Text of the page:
For over a year, the WWE has teased the return of one of the most electric superstars in its history. Whether as guest host or as an active superstar, the reappearance of the Rock would surely mean ratings success.
It had been rumoured that he was to appear on January 4th or over the summer, but on both occasions it fell through. The question remains if he does not return, is he abandoning the very people that made him what he is today?
Certainly Cena, Punk and Jericho would seem to agree with the last point that The Rock was made by the WWE and owes it an appearance, especially given its current predicament. However, is this really true?
The problem for wrestling is that it is not legitimate. It carries none of the prestige of say, the NFL, NBA or MLB. When people speak of wrestling or wrestlers, it's often with a smile on their face or an element of mockery. To be a wrestler is to be a steroid-using meathead. Without legitimacy, wrestlers find it hard to make it into mainstream attention.
Now and again, however wrestlers do make it outside the ring. Whether in character or via their non-wrestling skills, some manage to gain respectability. Governor Jesse Ventura, actor Steve Austin, mayoral candidate Jerry Lawler, MMA star Brock Lesnar and of course The Rock.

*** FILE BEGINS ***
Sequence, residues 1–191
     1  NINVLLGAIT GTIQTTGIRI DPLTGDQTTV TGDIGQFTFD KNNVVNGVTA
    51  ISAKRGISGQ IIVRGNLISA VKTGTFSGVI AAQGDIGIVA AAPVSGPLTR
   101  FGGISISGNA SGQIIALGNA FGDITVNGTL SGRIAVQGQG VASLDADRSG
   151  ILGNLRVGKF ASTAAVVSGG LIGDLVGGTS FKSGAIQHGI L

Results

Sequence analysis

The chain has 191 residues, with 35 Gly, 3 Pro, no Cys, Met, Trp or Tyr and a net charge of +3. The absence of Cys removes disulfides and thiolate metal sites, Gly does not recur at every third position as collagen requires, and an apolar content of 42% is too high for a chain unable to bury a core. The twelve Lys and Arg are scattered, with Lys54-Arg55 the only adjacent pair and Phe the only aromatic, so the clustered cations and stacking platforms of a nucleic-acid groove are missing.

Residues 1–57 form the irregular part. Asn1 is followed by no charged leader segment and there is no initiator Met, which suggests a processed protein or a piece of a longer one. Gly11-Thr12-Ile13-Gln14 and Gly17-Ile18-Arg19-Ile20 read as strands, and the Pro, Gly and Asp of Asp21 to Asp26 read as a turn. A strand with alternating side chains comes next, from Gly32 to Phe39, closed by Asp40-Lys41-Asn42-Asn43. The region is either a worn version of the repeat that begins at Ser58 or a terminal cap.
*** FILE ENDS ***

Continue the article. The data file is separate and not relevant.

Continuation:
Some even make it as wrestlers, and these include many of the franchises—Austin, The Rock, Cena and of course the immortal Hulk Hogan.
To become legitimate in your own right places the wrestler in a quandary. Having escaped the carnival world of wrestling and making it to the bright lights by themselves, they face the recurring question of when they will make their inevitable return.
Wrestling, like the Mafia, seems to be a job for life; you never leave behind your career as a wrestler.
Just as with those that still desire for JR to return to commentary, The Rock's return is just as unlikely, especially in a wrestling role.
The question is one that many actors face in their lives; those that are popular and successful either do movies or theatre. When they face harder times, they look to television. Wrestling is like TV: It's popular, but not as prestigious; it's there to fall back on, but it's not something that people want to do if they can help it.
You seemingly can not be successful and a wrestler at the same time. To choose acting means an abandonment of anything that could undermine that, and that includes the murky, sometimes seedy world of wrestling.
I for one would argue that the Rock does not owe the wrestling world anything. He came in and created one of the greatest characters in wrestling history. His mic skills are unlikely to ever be surpassed given his sheer flamboyance and confidence.
He was the Muhammad Ali of wrestling. His departure whilst still at the very height of his physical ability means that his legacy will not be affected like so many others that remain into their twilight years.
For wrestling fans, it would be nice to once again to hear the Great One, but like a parent seeing their child flourish in college, wrestling fans can step back and look on, knowing that they helped make that success.